By Will Rico | April 23, 2020
Even before the coronavirus brought the global economy to a virtual halt, the way B2B businesses have been growing and nurturing new accounts was changing, particularly in the SaaS space.
The traditional focus on generating a high quantity of leads via widely targeted campaigns is not only inefficient, it’s poorly aligned with how B2B buyers search for new solutions.
Sales and marketing teams are already overwhelmed with a surplus of tasks, data, and campaigns, so sifting through large quantities of unqualified leads is an added (and unnecessary) burden.
This approach, at its best, is inefficient. At worst, it’s a tremendous drain on resources and money because it focuses your efforts on vanity metrics (e.g., the total number of traffic, leads, and conversions) instead of identifying the people and accounts that are most likely to close.
The key to unlocking these top tier accounts already lies with your sales and marketing teams and can be accessed from the CRM data you already collect. How each team communicates with each other is crucial for the success of identifying and closing new deals as well as expanding opportunities with existing customers.
When sales and marketing are aligned, real growth happens.
In this post, we’ll unpack exactly what we mean by sales and marketing alignment in the context of B2B marketing. We’ll also provide some tips on how you can get started with this approach using your existing resources (as well as a few tools that can help facilitate the alignment of sales and marketing teams across your organization).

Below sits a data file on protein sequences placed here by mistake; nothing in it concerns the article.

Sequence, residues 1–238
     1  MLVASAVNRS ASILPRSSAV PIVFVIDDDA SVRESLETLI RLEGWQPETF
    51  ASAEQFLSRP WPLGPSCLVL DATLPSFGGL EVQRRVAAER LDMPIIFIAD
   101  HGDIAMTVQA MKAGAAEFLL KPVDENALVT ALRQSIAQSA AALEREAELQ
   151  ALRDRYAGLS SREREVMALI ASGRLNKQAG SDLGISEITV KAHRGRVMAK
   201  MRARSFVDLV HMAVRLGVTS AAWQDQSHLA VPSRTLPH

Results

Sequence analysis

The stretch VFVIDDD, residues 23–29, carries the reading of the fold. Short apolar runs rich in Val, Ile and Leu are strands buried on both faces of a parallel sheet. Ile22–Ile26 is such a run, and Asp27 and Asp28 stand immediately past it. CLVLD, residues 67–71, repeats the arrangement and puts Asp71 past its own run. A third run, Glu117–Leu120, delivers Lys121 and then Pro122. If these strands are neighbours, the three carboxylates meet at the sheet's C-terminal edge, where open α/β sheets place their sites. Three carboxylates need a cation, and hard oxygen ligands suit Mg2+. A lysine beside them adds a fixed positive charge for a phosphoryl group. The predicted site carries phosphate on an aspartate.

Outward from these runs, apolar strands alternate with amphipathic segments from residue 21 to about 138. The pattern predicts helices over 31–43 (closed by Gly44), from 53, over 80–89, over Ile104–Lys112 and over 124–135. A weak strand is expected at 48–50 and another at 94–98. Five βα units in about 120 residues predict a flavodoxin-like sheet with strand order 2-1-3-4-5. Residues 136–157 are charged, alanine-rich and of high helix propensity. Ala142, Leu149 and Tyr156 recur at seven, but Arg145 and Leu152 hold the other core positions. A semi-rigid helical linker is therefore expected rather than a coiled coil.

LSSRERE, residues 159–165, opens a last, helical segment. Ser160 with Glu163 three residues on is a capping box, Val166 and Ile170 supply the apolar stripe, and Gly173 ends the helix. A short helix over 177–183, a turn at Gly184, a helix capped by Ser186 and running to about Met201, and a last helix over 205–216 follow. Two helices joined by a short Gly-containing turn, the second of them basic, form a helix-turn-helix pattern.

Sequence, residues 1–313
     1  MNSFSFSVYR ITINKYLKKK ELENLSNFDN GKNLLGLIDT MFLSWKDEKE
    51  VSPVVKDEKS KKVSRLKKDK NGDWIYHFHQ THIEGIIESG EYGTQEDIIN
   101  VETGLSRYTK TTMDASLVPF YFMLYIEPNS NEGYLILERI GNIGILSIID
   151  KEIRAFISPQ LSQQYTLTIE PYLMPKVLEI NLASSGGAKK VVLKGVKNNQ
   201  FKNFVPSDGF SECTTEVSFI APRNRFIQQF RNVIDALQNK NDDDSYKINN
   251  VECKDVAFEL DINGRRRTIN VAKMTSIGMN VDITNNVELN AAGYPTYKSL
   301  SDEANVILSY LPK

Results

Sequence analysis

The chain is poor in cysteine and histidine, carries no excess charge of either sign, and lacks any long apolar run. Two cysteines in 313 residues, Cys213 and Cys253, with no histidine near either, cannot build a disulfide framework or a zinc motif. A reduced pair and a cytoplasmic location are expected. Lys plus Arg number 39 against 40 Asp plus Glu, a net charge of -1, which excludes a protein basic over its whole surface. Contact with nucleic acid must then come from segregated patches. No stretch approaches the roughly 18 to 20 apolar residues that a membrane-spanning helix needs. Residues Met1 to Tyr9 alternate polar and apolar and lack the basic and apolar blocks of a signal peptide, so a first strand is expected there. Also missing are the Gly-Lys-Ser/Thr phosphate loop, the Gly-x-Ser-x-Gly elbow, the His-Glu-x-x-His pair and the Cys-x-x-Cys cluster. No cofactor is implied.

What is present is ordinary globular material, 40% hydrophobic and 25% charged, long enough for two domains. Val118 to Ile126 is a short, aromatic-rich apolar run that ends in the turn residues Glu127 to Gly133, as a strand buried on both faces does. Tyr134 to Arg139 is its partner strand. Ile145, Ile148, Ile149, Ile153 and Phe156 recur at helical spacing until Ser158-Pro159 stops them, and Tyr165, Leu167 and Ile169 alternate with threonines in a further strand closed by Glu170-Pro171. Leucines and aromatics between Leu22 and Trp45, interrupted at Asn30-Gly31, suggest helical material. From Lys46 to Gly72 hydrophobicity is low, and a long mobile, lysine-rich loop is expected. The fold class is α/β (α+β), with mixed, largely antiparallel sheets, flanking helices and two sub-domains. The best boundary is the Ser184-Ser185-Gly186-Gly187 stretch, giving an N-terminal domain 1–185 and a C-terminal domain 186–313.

Account-based marketing + B2B sales enablement = growth
There is no shortage of buzzwords in the B2B marketing space, but two terms, in particular, have risen to the top of the list—account-based marketing (ABM) and sales enablement. Both terms have gained traction over the last five years because they represent a shift in the way B2B marketing and sales teams are successfully growing their businesses.
The following chart from Google Trends demonstrates a steady increase of global searches for the terms “account-based marketing” and “sales enablement” over the past five years.
It’s helpful to define each of these terms prior to delving into the details about how an account-focused strategy can benefit your organization.
Account-based Marketing (ABM)
Account-based marketing is a strategic approach to B2B marketing and sales that focuses on targeting (and reaching out) to in-market accounts rather than individuals. The term was coined in 2004 by business management consultancy ITSMA, but the approach has been deployed in one way or another since the early nineties.
HubSpot defines sales enablement as, “the iterative process of providing your business’s sales team with the resources they need to close more deals. These resources may include content, tools, knowledge, and information to effectively sell your product or service to customers.”
Combining ABM with Sales Enablement
In a perfect B2B marketing world, ABM and sales enablement would be combined to describe a single approach – perhaps something like “growth alignment” (e.g., the alignment of sales and marketing as the foundation for business growth).